Copyright © 2002 Terry Joseph
Exodus on top of the world
By Terry Joseph
October 21, 2002
More than six months of rehearsals paid off shortly before 1 a.m. yesterday, when Exodus Steel Orchestra was declared winner of the prestigious orchestra category of the World Steelband Music Festival (WSMF II).
Members of the Tunapuna-based band played a "victory lap" of the test-piece (The Mighty Terror's "Pan Talent") and continued to dance around their pans until the floodlights dimmed at the Jean Pierre Complex.
"It has been a long and arduous climb that started almost seven months ago and the reward really was a vindication of the players' dedication along that gruelling path," Exodus manager Ainsworth Mohammed said yesterday afternoon, speaking between sips as celebrations continued at the band's Eastern Main Road panyard.
A full house was on hand to witness the competition, including President Arthur NR Robinson (who left early to attend to "matters of State"), Culture Minister Penelope Beckles, Community Development Minister Joan Yuille-Williams, Minister in the Ministry of Sport, Eddie Hart, and opposition senator Arnim Smith. Exodus performed Tchaikowsky's "Romeo and Juliet Overture" and the mandatory test-piece, totting up 564 points, three ahead of defending champion TCL Group Skiffle Bunch, whose arranger/conductor Ben Jackson added a closing cadenza to "Ocean Rhapsody" in their bid to retain the title won two years earlier.
The ad lib was performed by Len "Boogsie" Sharpe, who also composed and arranged the piece, an enhancement that raised questions among music aficionados about the band's sincerity to music scores supplied to judges Joslynne Sealey, Merle Albino de Coteau and chief judge Dr Larry Snider.
However, it may have cost Skiffle Bunch the very three points that put them behind Exodus, as those bands tied, each with 284 points in the other half of the contest, which scored the orchestras' tune of choice.
In his remarks, Dr Snider, Professor of Music and Director of Percussion Studies at the University of Akron in Ohio, did touch upon the need for arrangers to be "true to a classical score", suggesting one way to achieve that condition was through music education.
He spoke of the increased degree of difficulty in songs selected for latter-day festivals. None of that spoke to Exodus, though, who fielded 60 players under the baton of Jesus Acosta for "Romeo and Juliet" and won a tremendous ovation from the 3,000 pan fans in the house on Saturday night.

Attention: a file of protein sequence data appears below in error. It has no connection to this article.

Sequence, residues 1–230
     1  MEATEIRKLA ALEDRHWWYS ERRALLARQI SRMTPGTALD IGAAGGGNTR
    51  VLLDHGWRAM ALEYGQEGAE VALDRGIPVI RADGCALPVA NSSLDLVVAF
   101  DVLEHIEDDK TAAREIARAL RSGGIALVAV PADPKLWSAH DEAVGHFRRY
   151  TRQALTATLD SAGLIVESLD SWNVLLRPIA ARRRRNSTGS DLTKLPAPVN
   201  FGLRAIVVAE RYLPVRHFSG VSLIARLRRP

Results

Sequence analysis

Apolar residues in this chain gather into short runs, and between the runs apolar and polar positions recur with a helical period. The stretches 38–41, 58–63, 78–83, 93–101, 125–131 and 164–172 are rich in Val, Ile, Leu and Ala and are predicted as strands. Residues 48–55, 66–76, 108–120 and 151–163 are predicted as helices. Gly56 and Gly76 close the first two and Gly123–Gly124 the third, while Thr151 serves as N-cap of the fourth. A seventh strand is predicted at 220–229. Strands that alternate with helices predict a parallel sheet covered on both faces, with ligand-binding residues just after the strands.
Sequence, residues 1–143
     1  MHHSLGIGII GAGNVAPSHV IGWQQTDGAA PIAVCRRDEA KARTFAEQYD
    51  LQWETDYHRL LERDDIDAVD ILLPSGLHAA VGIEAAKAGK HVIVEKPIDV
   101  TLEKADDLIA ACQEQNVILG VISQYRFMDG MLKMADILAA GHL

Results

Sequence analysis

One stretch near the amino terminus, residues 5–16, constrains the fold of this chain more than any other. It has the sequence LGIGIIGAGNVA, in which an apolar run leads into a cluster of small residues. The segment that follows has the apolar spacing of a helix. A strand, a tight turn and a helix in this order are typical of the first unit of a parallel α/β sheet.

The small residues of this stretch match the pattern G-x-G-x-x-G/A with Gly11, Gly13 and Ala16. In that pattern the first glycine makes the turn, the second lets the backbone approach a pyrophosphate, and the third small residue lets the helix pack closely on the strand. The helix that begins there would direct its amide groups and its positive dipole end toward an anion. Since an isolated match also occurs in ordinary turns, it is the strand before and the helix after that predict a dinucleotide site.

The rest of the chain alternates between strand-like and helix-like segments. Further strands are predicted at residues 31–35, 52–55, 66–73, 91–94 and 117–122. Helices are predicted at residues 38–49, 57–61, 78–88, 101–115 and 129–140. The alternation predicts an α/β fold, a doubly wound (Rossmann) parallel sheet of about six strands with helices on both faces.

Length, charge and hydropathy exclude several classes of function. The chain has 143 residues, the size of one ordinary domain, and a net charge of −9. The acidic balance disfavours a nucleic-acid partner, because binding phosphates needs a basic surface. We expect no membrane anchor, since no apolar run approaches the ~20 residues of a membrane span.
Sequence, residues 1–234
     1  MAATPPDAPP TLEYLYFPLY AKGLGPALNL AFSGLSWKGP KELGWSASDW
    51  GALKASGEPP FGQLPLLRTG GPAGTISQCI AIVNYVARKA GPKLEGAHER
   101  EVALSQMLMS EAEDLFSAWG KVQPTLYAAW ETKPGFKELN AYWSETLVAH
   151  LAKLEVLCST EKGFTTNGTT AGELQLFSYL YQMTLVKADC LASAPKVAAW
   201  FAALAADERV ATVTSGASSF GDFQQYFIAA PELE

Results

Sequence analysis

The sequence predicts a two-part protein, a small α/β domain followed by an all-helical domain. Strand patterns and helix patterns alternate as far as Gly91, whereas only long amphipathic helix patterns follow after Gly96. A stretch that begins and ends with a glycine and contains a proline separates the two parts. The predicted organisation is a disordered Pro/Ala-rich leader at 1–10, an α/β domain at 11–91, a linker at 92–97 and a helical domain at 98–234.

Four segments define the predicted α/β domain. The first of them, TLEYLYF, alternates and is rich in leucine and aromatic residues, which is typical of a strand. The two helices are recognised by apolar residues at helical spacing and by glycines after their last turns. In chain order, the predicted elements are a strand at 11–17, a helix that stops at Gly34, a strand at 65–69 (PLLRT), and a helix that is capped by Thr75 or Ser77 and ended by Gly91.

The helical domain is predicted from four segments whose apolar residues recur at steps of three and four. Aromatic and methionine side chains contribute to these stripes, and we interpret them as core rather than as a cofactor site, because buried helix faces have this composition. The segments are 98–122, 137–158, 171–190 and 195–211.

"Interestingly, Pat Bishop had suggested we play ‘Romeo & Juliet' at the festival in 2000, but band members felt we did not have enough time, so on this occasion we began to work on the piece shortly after Carnival to ensure we had it right," Mohammed said.
"We knew it was a tremendous work and felt that once we put in the effort, it would be unbeatable. Regarding the test-piece, we found our performance at the semi-final really did not come up to scratch and went back to our panyard during the week and did the necessary corrective homework to ensure that nothing was left to chance," he said.
In third place was England's BWIA Ebony, who equalled the Exodus score on the test-piece but trailed on their tune of choice, Gershwin's "An American in Paris", which was again guided by Yaira Yonne, conductor of the Swiss National Symphony.
In the sum, it had been one of pan's finest moments, a description agreed upon by David "Happy" Williams and Orville Wright, Trinidad-born musicians now resident abroad, who flew home for the festival.
In Williams' case, it was killing two birds with the same stone, as he is also due to perform this weekend at the Pan Royale concert trilogy.
But it had also been a night that gave fresh wind to the perennial argument about facilities for pan. Across the street from the open-air Jean Pierre
Complex, a wedding at the Lion's Civic Centre supplied a constant stream of booming stereo during the first half of the festival final.
In the house, ringing cell-phones and conversation regularly rivaled soft passages of orchestral performances. It was a point raised by Pan Trinbago president Patrick Arnold even before the contest began.
In his address, Arnold said it was shameful that such excellence had to be performed in a "sub-standard environment" and hoped "with the impending economic boom, the State would channel some of the windfall toward the construction of a venue dedicated to the peculiar acoustics of pan".
1. Exodus Trinidad 564
2. TCL Group Skiffle Bunch Trinidad 561
3. BWIA Ebony London 558
4. TT Defence Force Trinidad 534
5. Gary Straker's Pan School Trinidad 525
6. Courts New Dimension Grenada 524
7. Petrotrin Trinmar SBU Hatters Trinidad 521
8. Solo Pan Knights Trinidad 513
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